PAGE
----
• Motorcycles in Thailand are routinely operated by children as young as 12, so you must remain vigilant and always drive defensively.
  • If you don't ride a motorcycle in your own country, Thailand is NOT the place to learn.
  • Vendors will happily hire you a motorcycle whether you have the appropriate permit and licence or not.
  • If you were involved in an accident, with property damage or personal injury to any party, be aware that if the Thai Police and/or Insurance Company discover that licencing and permit documents are not in order, you may feel the full force of the law, and may have any insurance cover invalidated. You may also be required by the Thai authorities, to post a LARGE cash bail amount to cover any liability you may incur.

Information on what to do when you have a road traffic accident

who to call and how to fill in the accident report document for insurance after a car crash…

For foreigners, driving in Thailand can sometimes be very different to their home country. Motorbikes frequently drive on the wrong side of the road and cars do not always respect Thai road rules. Those new to the country will need to take great care to avoid accidents.

If an accident does occur, try to remain calm. Arguing with the other driver can make things worse and any pushing and shoving will result in police fines.

  • Thailand emergency number - Tel: 191

Minor Vehicle Accidents

Use the following as a guide on what to do in the case of a minor accident (that is, where no one is seriously injured):

  • Do not move vehicles involved; they should be left where they ended up after the accident unless they represent a major traffic hazard or a signed agreement is made as to whose fault the accident is. It is always better to wait for the police and/or insurance company to arrive before moving the car otherwise insurance claims may be a problem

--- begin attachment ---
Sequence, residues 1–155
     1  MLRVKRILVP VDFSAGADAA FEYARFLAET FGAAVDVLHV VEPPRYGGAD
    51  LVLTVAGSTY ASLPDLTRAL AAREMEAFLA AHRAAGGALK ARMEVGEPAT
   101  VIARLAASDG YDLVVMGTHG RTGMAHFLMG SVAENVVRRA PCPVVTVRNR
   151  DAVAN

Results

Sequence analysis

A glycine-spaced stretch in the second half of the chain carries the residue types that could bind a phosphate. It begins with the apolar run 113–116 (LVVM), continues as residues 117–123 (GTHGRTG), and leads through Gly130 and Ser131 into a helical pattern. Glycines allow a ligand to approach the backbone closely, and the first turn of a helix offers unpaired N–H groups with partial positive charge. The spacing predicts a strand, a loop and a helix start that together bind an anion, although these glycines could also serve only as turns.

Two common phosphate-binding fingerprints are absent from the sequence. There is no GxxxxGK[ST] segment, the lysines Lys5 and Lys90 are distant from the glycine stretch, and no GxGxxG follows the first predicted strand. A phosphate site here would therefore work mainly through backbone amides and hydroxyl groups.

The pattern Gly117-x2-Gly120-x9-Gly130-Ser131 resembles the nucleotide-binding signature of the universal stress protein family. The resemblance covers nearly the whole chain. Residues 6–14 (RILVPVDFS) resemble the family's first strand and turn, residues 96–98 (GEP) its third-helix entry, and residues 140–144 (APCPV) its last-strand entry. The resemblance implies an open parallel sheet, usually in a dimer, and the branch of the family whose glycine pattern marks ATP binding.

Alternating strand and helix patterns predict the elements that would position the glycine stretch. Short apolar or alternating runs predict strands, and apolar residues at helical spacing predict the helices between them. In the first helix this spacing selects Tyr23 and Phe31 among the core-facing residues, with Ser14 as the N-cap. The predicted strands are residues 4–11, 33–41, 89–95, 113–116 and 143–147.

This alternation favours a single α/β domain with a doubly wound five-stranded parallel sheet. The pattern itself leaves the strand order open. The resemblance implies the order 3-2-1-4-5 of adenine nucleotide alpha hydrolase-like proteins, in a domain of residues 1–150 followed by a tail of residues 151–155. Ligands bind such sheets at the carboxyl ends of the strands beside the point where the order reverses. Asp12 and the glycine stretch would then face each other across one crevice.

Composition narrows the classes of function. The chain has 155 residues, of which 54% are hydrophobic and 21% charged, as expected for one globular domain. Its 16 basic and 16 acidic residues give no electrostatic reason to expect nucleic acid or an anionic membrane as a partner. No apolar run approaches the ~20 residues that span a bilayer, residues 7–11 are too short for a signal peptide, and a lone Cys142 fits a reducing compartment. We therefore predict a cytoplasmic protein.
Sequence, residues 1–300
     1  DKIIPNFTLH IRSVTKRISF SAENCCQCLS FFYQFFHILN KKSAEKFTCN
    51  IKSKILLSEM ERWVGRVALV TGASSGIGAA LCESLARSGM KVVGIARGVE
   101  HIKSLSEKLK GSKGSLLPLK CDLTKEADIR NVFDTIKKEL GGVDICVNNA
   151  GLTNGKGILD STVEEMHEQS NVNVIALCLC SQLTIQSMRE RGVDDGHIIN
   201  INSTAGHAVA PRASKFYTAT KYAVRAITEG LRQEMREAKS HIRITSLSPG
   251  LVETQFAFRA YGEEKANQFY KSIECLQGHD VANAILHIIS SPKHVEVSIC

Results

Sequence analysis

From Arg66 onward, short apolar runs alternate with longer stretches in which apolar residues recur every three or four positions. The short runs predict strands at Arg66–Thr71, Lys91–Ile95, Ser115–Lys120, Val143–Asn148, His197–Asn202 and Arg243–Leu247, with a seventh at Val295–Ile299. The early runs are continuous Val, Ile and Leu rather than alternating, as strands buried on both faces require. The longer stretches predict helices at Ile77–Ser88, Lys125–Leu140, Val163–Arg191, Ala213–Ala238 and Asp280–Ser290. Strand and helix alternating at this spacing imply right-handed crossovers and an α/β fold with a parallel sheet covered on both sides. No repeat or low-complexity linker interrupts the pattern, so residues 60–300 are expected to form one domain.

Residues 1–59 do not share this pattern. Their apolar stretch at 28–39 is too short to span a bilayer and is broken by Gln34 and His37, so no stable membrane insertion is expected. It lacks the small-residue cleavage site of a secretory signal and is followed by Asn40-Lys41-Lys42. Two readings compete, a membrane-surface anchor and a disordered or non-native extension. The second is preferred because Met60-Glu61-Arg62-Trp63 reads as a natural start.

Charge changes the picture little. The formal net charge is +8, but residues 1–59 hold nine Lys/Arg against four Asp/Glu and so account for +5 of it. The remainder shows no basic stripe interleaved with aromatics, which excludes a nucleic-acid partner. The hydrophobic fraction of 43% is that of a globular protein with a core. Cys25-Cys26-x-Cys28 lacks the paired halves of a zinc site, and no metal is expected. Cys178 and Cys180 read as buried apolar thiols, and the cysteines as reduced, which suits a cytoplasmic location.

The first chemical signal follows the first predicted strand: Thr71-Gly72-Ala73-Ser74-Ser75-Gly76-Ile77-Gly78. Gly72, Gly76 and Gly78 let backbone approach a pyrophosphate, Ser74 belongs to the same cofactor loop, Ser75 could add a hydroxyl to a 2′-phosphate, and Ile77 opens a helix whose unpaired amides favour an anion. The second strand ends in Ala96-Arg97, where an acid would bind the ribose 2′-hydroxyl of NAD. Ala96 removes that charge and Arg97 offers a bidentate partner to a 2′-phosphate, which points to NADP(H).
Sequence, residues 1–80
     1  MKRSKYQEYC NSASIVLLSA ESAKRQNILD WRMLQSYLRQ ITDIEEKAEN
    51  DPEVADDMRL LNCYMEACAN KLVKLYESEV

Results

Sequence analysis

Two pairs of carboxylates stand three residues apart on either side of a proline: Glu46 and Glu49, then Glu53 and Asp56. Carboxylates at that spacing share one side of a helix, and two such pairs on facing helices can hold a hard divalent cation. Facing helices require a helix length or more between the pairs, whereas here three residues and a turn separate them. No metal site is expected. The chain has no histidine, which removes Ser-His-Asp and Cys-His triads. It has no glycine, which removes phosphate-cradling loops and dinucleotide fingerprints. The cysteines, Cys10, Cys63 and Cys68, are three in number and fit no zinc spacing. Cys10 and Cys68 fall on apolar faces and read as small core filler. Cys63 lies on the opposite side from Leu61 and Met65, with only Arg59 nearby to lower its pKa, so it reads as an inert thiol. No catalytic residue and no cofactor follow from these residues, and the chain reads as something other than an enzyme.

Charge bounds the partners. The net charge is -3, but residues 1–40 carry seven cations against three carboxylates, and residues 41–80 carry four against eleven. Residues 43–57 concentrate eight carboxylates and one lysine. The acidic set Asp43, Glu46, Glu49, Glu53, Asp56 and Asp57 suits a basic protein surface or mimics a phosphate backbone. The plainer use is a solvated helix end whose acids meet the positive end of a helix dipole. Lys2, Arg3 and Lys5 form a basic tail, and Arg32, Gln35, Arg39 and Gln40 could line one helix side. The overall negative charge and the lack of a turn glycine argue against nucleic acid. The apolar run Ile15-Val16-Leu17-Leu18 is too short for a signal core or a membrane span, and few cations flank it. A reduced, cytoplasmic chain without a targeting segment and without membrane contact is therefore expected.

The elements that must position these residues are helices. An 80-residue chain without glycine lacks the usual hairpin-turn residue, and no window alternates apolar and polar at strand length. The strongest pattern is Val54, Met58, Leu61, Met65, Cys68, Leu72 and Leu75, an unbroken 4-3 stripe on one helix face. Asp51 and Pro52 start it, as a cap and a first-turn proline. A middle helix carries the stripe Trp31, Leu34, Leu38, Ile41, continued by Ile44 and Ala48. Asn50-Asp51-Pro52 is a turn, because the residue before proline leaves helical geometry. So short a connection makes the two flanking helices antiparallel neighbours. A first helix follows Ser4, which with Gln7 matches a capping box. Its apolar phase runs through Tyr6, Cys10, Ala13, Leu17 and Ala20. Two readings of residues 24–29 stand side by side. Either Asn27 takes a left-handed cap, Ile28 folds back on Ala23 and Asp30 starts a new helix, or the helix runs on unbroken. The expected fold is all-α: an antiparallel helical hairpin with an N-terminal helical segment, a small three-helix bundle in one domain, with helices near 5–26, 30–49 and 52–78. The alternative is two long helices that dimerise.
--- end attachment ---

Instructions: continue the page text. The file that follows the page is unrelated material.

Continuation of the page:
• Call or get someone to call for an ambulance (if necessary)
  • Call or get someone to call the police
  • Call 191 or contact the tourist police on 1155 for English-speaking assistance

Usually, an incident report will need to be completed at the local police station.

  • Ask the other drivers involved for all their details: ID card, driver's licence, vehicle registration book (Lem Tabian) and insurance papers, and take down the vehicle's registration number
  • Provide the same information to other drivers: ID card/passport, driver's licence, vehicle registration book (Lem Tabian), insurance papers and registration number of the vehicle
  • Telephone the insurance company and ask their assistance. They will usually want to attend the accident to collect all the relevant information to process the claim

There is no standard accident report form, but insurance companies will generally provide a form when insurance is purchased. Individual insurance companies have their own time limits for how soon after an accident the paperwork must be submitted.